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Thursday, June 18, 1998 Published at 20:11 GMT 21:11 UK


UK

Five must appear at Lawrence inquiry

Neville Lawrence said he was "happy with the judgement"

Five men who have been fighting an order to appear at the Stephen Lawrence inquiry have been told they must appear.


BBC News' Reeta Chakrabarti: the five men will finally attend inquiry
The five - David Norris, 21, Neil Acourt, 22, his brother Jamie, 21, Luke Knight, 20, and Gary Dobson, 22 - have all at various times been charged with the murder of 18-year-old Stephen, who was killed in 1993.

Neil Acourt, Dobson and Knight were acquitted at the Old Bailey in 1996. The charges against Jamie Acourt and Norris never came to trial.

They were seeking a judicial review at the High Court of the decision to summon them to the inquiry into the police investigation of Stephen's murder.


Neville Lawrence: "We thought they would be anxious to give evidence and prove their innocence"
They were to be asked about whether they had "black friends or acquaintances", about their views on ethnic minority groups and whether they would consider themselves as racist.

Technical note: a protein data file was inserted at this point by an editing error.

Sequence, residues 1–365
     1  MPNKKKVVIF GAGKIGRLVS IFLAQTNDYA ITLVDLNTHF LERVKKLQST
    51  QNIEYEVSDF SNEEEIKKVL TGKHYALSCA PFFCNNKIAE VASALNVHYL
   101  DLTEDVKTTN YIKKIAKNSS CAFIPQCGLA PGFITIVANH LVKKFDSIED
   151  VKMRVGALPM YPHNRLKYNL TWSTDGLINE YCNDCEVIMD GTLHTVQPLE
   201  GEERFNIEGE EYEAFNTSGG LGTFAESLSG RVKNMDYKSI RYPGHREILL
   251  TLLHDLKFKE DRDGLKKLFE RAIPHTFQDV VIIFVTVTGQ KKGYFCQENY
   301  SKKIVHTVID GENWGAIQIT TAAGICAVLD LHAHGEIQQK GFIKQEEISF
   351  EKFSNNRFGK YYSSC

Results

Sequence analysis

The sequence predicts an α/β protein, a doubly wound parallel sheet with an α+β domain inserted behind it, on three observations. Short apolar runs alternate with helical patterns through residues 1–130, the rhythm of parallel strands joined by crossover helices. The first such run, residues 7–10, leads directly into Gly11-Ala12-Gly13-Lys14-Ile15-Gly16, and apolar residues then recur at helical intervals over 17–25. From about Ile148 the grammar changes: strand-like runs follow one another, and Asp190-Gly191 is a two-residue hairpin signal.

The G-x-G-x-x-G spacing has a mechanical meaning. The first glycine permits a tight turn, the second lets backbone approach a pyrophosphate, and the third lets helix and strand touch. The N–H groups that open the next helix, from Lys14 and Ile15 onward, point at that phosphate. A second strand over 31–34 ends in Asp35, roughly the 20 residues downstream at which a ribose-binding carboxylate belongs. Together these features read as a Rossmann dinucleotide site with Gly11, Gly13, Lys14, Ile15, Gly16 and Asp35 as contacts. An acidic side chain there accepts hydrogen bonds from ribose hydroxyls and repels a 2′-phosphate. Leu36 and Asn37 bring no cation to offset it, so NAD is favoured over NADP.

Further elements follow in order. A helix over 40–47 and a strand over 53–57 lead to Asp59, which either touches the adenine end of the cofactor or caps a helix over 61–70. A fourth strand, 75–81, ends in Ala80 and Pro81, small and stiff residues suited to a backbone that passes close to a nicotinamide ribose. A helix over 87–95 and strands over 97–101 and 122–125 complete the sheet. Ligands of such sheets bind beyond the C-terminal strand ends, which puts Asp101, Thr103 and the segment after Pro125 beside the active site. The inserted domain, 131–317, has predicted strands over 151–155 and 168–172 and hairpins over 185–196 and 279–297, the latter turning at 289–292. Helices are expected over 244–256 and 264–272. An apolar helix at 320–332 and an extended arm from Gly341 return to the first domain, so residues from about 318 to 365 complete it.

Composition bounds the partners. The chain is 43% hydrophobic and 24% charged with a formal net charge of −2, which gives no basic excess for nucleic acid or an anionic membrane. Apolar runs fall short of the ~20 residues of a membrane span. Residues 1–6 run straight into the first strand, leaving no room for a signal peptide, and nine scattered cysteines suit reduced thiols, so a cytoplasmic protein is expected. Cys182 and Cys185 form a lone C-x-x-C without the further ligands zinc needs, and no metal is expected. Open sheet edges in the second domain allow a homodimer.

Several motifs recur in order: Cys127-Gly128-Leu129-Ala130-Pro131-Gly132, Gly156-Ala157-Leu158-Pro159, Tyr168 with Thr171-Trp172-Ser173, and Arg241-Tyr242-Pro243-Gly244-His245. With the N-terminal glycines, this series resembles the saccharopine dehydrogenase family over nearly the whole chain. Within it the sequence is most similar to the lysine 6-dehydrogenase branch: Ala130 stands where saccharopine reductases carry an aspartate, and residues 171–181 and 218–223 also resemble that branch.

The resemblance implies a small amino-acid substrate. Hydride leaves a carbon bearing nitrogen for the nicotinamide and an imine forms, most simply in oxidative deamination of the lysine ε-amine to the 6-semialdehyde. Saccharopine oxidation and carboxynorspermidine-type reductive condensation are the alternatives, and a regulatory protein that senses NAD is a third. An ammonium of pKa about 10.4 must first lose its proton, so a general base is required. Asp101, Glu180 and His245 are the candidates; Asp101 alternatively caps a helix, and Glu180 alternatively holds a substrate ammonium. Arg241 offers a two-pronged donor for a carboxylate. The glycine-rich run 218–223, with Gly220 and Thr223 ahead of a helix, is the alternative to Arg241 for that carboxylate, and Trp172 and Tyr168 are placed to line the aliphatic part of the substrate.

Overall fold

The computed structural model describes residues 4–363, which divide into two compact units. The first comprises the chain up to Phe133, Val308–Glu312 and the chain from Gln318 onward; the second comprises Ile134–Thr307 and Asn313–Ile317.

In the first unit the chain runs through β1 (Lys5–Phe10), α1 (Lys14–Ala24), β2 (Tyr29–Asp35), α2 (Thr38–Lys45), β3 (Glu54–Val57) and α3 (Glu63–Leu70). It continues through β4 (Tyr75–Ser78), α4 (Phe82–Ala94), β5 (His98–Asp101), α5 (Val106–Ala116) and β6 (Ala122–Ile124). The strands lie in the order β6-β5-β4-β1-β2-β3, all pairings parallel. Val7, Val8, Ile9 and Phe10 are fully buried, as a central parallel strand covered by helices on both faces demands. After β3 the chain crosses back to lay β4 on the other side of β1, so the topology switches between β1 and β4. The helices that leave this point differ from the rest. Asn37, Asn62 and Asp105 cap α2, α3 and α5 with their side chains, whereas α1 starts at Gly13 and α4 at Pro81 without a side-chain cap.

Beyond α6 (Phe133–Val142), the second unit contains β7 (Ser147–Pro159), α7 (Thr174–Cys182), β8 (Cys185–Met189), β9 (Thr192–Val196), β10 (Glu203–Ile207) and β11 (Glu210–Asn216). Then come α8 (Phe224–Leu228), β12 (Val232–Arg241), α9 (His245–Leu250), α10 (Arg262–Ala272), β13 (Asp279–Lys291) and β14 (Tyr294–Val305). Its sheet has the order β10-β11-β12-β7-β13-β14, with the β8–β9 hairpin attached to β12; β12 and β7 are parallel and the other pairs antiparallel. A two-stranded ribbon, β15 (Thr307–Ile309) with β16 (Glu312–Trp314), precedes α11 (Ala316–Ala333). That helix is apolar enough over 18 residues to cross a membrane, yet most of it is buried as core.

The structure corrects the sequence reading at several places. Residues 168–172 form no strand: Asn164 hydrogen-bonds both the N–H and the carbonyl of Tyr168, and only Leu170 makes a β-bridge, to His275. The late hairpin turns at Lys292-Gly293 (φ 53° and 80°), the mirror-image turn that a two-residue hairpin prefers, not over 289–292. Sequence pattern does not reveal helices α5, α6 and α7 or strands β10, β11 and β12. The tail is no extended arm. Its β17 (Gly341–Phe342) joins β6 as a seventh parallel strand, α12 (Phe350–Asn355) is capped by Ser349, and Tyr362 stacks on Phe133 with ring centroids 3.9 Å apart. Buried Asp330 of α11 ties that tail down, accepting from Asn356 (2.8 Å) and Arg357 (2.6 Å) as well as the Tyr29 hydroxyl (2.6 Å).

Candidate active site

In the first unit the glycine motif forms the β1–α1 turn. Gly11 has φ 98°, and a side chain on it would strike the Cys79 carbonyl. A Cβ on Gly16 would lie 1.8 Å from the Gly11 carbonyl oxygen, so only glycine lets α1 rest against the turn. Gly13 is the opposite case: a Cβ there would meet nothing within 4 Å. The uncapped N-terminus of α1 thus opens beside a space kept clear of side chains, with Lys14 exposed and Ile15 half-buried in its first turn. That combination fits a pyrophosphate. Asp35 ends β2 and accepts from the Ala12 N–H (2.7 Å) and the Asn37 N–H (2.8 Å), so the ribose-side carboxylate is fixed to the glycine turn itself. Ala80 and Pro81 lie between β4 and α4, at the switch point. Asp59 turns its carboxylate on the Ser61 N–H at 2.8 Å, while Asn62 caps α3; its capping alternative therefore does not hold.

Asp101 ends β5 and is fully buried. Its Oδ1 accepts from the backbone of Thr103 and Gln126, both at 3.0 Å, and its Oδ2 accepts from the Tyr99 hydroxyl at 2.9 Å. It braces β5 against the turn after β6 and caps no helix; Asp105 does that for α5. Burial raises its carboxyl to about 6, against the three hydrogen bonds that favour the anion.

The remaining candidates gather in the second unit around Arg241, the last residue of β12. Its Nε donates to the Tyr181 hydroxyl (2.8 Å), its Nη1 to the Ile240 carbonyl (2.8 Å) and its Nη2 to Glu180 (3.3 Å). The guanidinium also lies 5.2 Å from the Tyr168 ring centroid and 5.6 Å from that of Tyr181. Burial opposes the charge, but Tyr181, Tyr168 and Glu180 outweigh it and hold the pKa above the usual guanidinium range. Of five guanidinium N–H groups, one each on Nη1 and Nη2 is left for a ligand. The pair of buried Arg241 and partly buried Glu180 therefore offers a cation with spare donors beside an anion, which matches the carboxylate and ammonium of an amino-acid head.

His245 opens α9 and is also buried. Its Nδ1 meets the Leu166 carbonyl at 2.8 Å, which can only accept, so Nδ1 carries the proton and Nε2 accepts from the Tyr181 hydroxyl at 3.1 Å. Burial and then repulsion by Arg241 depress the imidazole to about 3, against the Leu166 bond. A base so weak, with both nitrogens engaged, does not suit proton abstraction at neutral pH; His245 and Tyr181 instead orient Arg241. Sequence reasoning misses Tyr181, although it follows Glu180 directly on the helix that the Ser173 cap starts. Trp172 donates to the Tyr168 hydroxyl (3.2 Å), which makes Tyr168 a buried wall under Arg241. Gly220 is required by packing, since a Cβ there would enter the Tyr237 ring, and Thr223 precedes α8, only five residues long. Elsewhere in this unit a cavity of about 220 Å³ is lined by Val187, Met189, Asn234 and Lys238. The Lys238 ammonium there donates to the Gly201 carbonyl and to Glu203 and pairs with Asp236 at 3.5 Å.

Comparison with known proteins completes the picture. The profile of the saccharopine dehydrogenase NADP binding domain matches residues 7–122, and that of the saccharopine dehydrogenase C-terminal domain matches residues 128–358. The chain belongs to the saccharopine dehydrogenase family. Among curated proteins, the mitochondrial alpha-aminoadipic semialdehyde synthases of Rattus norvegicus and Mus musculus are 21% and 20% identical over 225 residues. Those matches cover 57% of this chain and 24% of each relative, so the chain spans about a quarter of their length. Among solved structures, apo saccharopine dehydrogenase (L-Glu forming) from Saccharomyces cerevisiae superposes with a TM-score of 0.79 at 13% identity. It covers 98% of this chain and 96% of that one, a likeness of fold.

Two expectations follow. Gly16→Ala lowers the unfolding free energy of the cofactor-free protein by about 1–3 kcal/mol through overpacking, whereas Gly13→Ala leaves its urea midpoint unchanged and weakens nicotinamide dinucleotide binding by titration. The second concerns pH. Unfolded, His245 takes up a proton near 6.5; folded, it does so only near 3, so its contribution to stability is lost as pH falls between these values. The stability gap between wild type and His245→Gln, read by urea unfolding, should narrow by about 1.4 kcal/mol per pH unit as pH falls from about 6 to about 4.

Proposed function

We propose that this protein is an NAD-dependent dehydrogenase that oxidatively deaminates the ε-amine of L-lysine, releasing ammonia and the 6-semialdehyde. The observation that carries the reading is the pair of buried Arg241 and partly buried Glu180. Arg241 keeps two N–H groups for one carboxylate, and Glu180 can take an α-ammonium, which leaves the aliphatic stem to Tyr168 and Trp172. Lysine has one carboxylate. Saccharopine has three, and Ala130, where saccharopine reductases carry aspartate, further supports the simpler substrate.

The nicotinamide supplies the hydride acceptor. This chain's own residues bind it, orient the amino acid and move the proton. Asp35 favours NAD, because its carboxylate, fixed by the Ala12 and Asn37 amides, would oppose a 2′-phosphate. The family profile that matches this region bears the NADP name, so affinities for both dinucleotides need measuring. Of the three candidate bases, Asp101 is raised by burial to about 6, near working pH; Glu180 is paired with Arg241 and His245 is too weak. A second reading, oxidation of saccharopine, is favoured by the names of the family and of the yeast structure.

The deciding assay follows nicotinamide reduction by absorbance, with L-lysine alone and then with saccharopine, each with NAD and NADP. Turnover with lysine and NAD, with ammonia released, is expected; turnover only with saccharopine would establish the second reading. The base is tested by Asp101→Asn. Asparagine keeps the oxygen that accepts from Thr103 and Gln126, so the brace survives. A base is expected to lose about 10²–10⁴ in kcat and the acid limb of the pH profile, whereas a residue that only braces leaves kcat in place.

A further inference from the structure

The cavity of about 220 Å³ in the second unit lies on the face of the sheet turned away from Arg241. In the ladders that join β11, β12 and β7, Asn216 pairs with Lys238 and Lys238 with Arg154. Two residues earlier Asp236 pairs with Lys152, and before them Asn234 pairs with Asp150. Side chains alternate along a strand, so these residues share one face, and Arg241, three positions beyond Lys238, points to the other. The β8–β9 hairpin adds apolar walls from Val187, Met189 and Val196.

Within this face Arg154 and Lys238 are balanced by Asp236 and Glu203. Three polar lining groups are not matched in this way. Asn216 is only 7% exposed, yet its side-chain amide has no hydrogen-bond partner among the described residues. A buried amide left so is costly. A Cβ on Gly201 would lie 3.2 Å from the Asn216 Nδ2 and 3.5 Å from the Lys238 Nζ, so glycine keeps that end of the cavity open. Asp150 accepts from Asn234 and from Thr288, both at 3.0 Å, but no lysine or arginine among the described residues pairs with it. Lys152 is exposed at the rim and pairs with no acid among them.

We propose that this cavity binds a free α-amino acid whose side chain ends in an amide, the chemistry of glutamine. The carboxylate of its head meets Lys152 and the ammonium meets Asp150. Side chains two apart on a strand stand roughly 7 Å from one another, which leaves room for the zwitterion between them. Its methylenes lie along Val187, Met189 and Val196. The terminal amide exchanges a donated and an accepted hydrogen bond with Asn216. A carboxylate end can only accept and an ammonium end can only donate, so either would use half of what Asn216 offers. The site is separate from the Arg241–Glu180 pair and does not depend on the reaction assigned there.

However, Lord Justice Simon Brown made it clear that the men must not be questioned on whether they were guilty of killing Stephen Lawrence.

The inquiry chairman, Sir William Macpherson, had reassured the Law Lords that was not the purpose of his investigation, which is being held under the Police Act.

Counsel for five men


BBC's Legal Correspondent Joshua Rozenberg reports from outside the High Court
Counsel for the five men, Charles Conway, had conceded that there would be some questions put to his clients which would be relevant to the inquiry.

Lord Justice Brown then made it clear that the questions would be at the discretion of Sir William.

He said: "I would hold these applicants cannot properly be asked questions going essentially to their guilt or innocence, but, save only that, I would leave to the chairman's absolute discretion the particular questions which may be asked of them."

Chairman's discretion trusted

If any question was put at the inquiry which did appear to go to guilt or innocence "then I have no doubt that the chairman will immediately stop them," he said.

Lord Justice Brown, sitting with Mr Justice Hooper, said: "Whilst the inquiry involves in a real sense a trial of the police who investigated this crime, it is in no sense a trial of these applicants and it must not be allowed to become one."

Neville Lawrence, 51, father of the murdered teenager, said he was "happy with the judgment" as he left court.



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